"If we only planned for Pisa's assessment, we'd leave elements that are valuable to Finnish society, out. We don't want to do that. We're developing our system to meet our needs and then we'll see how that outcome relates to Pisa.
" The country's aim now is for national policy to reflect classroom reality. Heinonen admits there was a disconnect previously. That's why national strategies don't get properly implemented.
The two most important words in the Finnish system is autonomy and trust. Teachers have a lot of autonomy - they decide what happens in class. Nobody tells them what to do or what textbooks and pedagogical method to use. It's the same with schools and municipalities.
Each has their own silo strategy and it led to a lot of frustration because policy makers were making decisions, yet nothing was happening on the ground. The country, he says, is trying to carry out a coherent, systemic change by making sure that the community, teachers, schools, municipalities and policy makers, are on the same page. All quarters must share a common goal, and decide on the action each has to take to realise that objective.
"Although autonomous, each player in their own capacity must move in the same direction. We must maintain trust in each player so the question is how we can do that in a system where no one person is in control. "We have to be clear of our aim. The idea is that we won't have a separate national strategy annually, but be more consistent with what we're doing."
Bullying is a problem, Heinonen admits. When we have to talk about bullying, it means something has already gone wrong, he says. Bullying should never happen in the first place. Annual well-being of children surveys show that the number of bullying cases have dropped but it's still a problem. "We recently came up with more measures to address this.
Finnish schools adopt a zero-tolerance attitude to bullying. There are some serious situations where teachers can't see what's going on because mental and psychological bullying happens online." School culture must be cultivated together with the community.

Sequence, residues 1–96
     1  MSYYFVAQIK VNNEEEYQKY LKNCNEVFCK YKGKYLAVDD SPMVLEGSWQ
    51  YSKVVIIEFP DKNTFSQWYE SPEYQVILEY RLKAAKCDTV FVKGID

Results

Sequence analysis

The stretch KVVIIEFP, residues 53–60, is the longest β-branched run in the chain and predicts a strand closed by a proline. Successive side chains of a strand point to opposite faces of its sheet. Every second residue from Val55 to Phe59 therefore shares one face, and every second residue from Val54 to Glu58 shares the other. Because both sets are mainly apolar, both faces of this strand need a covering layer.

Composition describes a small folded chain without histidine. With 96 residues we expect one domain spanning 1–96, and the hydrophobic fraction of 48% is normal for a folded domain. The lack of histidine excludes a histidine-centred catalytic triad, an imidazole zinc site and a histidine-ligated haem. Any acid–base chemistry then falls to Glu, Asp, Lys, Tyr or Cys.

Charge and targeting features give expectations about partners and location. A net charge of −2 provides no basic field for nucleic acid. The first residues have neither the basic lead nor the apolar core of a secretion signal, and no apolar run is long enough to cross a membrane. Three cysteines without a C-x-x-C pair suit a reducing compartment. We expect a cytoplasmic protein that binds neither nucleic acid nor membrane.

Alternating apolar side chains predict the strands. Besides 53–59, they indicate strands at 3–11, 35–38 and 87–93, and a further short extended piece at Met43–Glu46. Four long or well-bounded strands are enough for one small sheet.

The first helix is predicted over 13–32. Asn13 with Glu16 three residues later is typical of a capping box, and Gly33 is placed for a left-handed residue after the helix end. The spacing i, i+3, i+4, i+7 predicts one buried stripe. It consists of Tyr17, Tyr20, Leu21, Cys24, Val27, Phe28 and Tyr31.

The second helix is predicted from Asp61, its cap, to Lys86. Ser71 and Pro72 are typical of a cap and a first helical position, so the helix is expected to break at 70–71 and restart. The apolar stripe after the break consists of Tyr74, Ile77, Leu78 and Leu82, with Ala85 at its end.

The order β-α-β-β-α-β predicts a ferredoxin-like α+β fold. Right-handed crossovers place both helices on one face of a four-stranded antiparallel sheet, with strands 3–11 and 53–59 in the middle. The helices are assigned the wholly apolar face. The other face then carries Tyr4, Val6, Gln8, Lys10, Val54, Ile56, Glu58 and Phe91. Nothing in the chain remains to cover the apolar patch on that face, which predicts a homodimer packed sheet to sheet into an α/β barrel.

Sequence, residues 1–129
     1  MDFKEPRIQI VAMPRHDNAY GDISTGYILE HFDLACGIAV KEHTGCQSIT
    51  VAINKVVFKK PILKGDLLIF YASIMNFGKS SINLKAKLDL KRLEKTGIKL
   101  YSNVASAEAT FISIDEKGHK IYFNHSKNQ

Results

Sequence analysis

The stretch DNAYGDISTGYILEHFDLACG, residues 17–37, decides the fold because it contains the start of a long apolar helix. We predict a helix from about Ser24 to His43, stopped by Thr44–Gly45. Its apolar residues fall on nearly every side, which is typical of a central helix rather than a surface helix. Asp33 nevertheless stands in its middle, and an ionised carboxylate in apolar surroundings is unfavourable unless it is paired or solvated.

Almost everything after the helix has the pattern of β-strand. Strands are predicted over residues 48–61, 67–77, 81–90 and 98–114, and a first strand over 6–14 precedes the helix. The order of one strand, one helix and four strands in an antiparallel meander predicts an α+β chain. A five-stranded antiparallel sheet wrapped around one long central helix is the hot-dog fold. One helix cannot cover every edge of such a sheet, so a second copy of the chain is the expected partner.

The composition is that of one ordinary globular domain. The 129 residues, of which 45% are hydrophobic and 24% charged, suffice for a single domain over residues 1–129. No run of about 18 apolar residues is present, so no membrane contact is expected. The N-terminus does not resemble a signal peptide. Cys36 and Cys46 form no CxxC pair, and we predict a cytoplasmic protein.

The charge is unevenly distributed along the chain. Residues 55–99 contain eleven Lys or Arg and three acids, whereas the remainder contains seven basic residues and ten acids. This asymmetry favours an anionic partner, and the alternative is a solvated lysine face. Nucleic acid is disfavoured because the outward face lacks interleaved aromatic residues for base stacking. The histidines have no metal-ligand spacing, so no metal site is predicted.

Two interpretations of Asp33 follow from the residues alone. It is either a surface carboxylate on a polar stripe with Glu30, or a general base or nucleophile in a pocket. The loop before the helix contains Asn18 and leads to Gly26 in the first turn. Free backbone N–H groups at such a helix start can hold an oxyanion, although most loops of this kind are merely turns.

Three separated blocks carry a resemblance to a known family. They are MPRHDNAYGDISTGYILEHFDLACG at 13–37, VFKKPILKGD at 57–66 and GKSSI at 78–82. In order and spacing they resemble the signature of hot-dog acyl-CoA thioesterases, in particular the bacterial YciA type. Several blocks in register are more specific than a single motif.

Pupils should have a say about the rules and what's acceptable behaviour, he feels. "That's what many Finnish schools are doing now but in the age of the Internet, we're facing new situations where bullying is happening outside the school. Students may be involved but it's hard to say what the school rules should be in those situations," he says, when asked about Kiva's success in tackling bullying. KiVa, is both a play of the Finnish word "kiva" which means "nice" and an acronym for "kiusaamista vastaan" (against bullying).
The programme teaches essential anti-bullying responses because students might witness a bullying incident and they have to decide what to do: whether to defend the victim or do something else.
Some 20 countries including New Zealand, have adopted the. programme while schools in Britain, the United States and Japan are testing it, Sunday Star reported last year. But Kiva, Heinonen stresses, is only one method the country uses to address bullying.
"Kiva has been successful but we have other preventive concepts that involve the children. For example, students know to approach another child if they see him or her sitting alone. "There are many different methods of tacking bullying but the school must be committed. Decide on the method you want, and see it through."
Source ; The Star